Around 2000, I discovered Burns and Bogle. Then I began the migration to diversified index funds. When I got the bulk of my 401k moved to my IRA in 2002, I was pretty well totally converted. For the last few years I've consistently beaten the S&P by being in emerging markets, foreign and small caps.

I'm now an engineer with an E&C firm in Houston. If you talk to people I work with, they will say they are under stress but it's all perspective and relative. I know I'm now FI and could easily get by without a paycheck. Also, in a prior position where I was "important," I was on call 24-7, worked 60 hours/week and had lots of "encouragement" from my brain-dead "leadership" team. Getting layed off was one of the best things that ever happened to me although it was quite traumatic at the time.

Why don't I RE? I'm trapped in Houston until my in-laws die. They are both in a "facility" and my DW is the custodial party. They have been high maintenace for the last few years but the logistics are stabilizing. My MIL my also not be with us much longer which is good -- she's in extreme pain and has 0 quality of life.

I get 4 weeks of vacation where I w*rk and there is a liberal policy for taking unpaid time off while still keeping benefits active. I frequently only go in 4 days per week so I usually have 3 day weekends now. My problem is getting DW to leave town to use what vacation time I get. I can't see any point in sitting around Houston with nothing to do all day except visit the in-laws.
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Old 08-18-2007, 08:56 AM   #28
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[quote=2B;547892]I became a technician in the mid-80's after the run up that started in 1982 gave me my first decent sized portfolio. That went on until the early 90's when several years of my computerized results showed my returns to be right at or just below the S&P for my years of effort. How did I feel? It was like finding out your significant other has been cheating on you. You want to get mad but you know there's no point. It's just time to move on.

I went into the phase of my own "high quality" stock portfolio that I could pick by fundamental analysis. Here I had winners and losers and once again failed to beat the S&P.

[quote]

i'm still new at this, but the MACD diversion from the direction of the indexes thing saved me some cash in the last month. it won't tell you an exact top, but its a pretty good indicator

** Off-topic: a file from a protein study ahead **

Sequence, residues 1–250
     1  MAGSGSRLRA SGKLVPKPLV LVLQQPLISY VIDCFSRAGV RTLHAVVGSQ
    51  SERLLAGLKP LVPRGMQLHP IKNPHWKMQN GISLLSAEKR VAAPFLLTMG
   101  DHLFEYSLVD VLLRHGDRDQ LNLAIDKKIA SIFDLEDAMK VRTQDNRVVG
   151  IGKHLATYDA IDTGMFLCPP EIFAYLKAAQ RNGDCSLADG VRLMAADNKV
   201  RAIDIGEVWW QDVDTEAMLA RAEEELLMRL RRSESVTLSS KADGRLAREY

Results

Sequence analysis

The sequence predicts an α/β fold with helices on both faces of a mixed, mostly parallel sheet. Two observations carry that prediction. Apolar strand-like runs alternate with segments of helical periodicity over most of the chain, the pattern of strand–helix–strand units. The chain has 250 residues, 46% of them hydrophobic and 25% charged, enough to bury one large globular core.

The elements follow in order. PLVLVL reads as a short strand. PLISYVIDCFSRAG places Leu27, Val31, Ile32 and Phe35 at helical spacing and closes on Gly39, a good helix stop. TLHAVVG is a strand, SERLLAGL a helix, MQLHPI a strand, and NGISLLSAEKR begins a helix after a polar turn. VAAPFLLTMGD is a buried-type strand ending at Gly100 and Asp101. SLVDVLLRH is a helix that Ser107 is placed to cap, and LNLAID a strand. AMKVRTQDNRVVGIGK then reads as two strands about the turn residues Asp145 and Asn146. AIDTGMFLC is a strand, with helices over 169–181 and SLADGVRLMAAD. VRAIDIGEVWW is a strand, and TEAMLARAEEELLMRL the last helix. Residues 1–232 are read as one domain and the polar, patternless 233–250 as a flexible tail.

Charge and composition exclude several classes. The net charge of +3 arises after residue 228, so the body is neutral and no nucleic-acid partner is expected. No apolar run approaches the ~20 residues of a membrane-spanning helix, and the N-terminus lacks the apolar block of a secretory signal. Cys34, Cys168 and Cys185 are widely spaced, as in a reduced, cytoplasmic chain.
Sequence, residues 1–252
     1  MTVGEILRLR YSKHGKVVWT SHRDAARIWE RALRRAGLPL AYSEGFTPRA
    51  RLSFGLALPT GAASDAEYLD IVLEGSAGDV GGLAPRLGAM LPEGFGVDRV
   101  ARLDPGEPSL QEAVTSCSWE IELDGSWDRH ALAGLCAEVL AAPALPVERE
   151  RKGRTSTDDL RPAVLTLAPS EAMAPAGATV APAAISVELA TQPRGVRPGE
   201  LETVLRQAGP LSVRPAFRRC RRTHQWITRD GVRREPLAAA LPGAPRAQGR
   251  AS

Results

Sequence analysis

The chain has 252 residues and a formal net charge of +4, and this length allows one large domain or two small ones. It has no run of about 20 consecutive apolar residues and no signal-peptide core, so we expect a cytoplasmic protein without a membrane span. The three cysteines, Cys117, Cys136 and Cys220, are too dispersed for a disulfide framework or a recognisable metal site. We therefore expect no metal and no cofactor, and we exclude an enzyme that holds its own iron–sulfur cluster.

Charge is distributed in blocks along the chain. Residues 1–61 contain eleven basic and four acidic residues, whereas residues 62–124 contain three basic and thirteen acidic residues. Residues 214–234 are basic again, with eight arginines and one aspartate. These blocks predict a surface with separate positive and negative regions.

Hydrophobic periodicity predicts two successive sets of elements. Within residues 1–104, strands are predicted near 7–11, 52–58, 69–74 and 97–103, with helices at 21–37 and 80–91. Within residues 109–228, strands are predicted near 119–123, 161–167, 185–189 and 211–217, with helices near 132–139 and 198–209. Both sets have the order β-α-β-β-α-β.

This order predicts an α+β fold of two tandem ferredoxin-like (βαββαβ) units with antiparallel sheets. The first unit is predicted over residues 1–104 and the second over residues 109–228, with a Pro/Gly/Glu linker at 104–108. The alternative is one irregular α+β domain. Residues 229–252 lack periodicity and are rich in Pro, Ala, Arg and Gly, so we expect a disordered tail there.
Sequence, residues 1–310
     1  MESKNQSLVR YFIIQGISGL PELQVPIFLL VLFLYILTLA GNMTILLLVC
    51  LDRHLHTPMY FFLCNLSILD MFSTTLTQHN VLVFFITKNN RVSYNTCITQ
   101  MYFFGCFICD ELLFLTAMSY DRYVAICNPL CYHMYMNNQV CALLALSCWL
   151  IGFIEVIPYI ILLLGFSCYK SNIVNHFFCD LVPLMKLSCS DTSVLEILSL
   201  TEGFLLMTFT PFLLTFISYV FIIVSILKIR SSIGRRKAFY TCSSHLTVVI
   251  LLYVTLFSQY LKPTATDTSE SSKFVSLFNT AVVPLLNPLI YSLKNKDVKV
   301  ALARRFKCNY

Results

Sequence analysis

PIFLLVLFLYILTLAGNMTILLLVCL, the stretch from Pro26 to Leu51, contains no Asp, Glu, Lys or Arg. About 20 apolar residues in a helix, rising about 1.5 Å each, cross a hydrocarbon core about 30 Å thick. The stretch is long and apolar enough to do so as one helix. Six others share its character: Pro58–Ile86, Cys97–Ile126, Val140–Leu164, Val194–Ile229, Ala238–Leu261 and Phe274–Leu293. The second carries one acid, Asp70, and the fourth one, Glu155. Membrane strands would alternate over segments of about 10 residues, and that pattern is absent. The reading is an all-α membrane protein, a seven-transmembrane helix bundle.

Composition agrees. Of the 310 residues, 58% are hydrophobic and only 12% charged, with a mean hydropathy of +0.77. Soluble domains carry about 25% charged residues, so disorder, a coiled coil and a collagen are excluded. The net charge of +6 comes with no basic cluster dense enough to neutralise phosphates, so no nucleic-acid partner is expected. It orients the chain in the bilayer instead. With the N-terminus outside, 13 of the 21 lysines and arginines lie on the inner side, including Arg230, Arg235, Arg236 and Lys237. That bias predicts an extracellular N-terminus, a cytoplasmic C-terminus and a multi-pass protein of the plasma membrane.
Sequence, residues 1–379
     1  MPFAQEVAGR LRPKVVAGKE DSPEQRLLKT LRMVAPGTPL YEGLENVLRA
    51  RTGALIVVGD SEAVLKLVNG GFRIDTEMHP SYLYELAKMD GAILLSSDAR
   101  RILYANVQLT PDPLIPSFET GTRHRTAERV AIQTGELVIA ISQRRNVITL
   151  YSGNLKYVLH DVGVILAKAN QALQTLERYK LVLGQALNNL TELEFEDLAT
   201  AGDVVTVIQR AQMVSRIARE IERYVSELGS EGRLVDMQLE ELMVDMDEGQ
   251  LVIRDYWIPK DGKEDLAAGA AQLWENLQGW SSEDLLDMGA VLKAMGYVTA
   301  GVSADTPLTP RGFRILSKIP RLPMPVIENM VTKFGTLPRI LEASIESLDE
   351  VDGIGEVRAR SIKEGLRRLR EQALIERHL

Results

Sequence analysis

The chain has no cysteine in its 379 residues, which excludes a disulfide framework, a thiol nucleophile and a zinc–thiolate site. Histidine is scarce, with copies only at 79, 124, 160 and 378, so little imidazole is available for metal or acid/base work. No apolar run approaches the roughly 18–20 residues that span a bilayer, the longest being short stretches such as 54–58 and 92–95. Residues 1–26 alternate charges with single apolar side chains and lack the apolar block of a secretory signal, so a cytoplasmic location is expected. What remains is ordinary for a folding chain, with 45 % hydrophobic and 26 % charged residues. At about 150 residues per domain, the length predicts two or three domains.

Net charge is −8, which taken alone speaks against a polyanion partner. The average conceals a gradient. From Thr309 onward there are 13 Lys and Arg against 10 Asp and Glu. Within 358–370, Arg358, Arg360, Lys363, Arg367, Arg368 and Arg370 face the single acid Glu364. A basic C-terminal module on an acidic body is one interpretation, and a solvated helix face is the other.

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Old 08-18-2007, 09:25 AM   #29
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i'm still new at this, but the MACD diversion from the direction of the indexes thing saved me some cash in the last month. it won't tell you an exact top, but its a pretty good indicator
Technical analysis works until it doesn't. It gives many false signals to buy or sell. Sometimes it gives a buy signal when you should sell. After the "trend" plays out, a technical analysis "rule" will describe the actual event perfectly. Unfortunately, there is usually another "rule" that would describe the actual event if it had done the exact opposite.

Technical analysis didn't work for me. There have been various studies done that says it doesn't work. It does generate a lot of extra trading and a feeling of "comfort" amongst its practioners.

Good luck to you if you want to follow it. I encourage you to be skeptical and careful. Don't take positions where you can't afford to be wrong.

The only thing good I can say about technical analysis is that it cost me less money than commodities.
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Old 08-18-2007, 09:29 AM   #30
 
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Old 08-18-2007, 11:00 AM   #31
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I am up 3.9% thru Friday.

I moved some cash from bonds to equity at about 13300....that did'nt help thus far.

I am recieving the funds from selling my San Diego property next week. I plan on putting it in CDs, money markets and about 35% into equities. My plan with the equity portion is to park it and slip it in during dips/corrections.
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Old 08-18-2007, 11:19 AM   #32
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Our stock portfolio has retreated to its Dec 15, 2006 valuation - however it seems that our $180k in cash from profit-taking will be reinvested in the next few weeks during the continuing summer fire sale.